Do changes in gene expression contribute to sexual isolation and reinforcement in the house mouse?

Loire Etienne, Tusso Sergio, Caminade Pierre, Severac Dany, Boursot Pierre, Ganem Guila, Smadja Carole. 2017. Do changes in gene expression contribute to sexual isolation and reinforcement in the house mouse?. Molecular Ecology, 26 (19) : pp. 5189-5202.

Journal article ; Article de recherche ; Article de revue à facteur d'impact
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Quartile : Q1, Sujet : ECOLOGY / Quartile : Q1, Sujet : EVOLUTIONARY BIOLOGY / Quartile : Q1, Sujet : BIOCHEMISTRY & MOLECULAR BIOLOGY

Liste HCERES des revues (en SHS) : oui

Thème(s) HCERES des revues (en SHS) : Psychologie-éthologie-ergonomie

Abstract : Expression divergence, rather than sequence divergence, has been shown to be important in speciation, particularly in the early stages of divergence of traits involved in reproductive isolation. In the two European subspecies of house mice, Mus musculus musculus and Mus musculus domesticus, earlier studies have demonstrated olfactory-based assortative mate preference in populations close to their hybrid zone. It has been suggested that this behaviour evolved following the recent secondary contact between the two taxa (~3,000 years ago) in response to selection against hybridization. To test for a role of changes in gene expression in the observed behavioural shift, we conducted a RNA sequencing experiment on mouse vomeronasal organs. Key candidate genes for pheromone-based subspecies recognition, the vomeronasal receptors, are expressed in these organs. Overall patterns of gene expression varied significantly between samples from the two subspecies, with a large number of differentially expressed genes between the two taxa. In contrast, only ~200 genes were found repeatedly differentially expressed between populations within M. m. musculus that did or did not display assortative mate preferences (close to or more distant from the hybrid zone, respectively), with an overrepresentation of genes belonging to vomeronasal receptor family 2. These receptors are known to play a key role in recognition of chemical cues that handle information about genetic identity. Interestingly, four of five of these differentially expressed receptors belong to the same phylogenetic cluster, suggesting specialization of a group of closely related receptors in the recognition of odorant signals that may allow subspecies recognition and assortative mating. (Résumé d'auteur)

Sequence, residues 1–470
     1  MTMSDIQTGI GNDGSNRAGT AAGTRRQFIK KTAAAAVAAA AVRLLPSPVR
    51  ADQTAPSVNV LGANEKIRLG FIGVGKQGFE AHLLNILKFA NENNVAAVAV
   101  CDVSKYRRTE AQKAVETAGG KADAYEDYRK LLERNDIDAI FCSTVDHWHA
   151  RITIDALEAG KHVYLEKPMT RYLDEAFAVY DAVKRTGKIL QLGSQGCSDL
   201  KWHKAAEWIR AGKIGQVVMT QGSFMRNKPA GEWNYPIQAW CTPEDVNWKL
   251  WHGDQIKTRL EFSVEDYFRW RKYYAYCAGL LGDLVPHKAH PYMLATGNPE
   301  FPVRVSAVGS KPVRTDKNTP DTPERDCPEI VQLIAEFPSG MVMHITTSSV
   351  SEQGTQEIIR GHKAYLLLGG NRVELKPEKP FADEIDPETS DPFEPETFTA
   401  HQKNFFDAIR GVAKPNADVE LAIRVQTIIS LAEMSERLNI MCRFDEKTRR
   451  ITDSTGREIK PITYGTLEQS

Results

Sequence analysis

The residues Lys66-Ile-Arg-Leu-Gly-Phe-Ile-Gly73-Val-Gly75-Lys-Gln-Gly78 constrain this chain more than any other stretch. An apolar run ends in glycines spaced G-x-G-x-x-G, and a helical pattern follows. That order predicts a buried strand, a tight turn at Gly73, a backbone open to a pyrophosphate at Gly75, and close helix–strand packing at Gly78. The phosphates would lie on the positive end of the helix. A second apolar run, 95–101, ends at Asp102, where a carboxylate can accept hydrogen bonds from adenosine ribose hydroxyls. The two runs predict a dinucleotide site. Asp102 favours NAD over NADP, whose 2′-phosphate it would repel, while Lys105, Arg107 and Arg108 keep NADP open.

Mots-clés libres : Genetic evolution, Speciation, Reinforcement

Classification Agris : L10 - Animal genetics and breeding

Champ stratégique Cirad : Hors axes (2014-2018)

Auteurs et affiliations

  • Loire Etienne, CIRAD-BIOS-UMR ASTRE (FRA)
  • Tusso Sergio, CNRS (FRA)
  • Caminade Pierre, Université de Montpellier (FRA)
  • Severac Dany, Institut de génomique fonctionnelle (FRA)
  • Boursot Pierre, Université de Montpellier (FRA)
  • Ganem Guila, Université de Montpellier (FRA)
  • Smadja Carole, CNRS (FRA)

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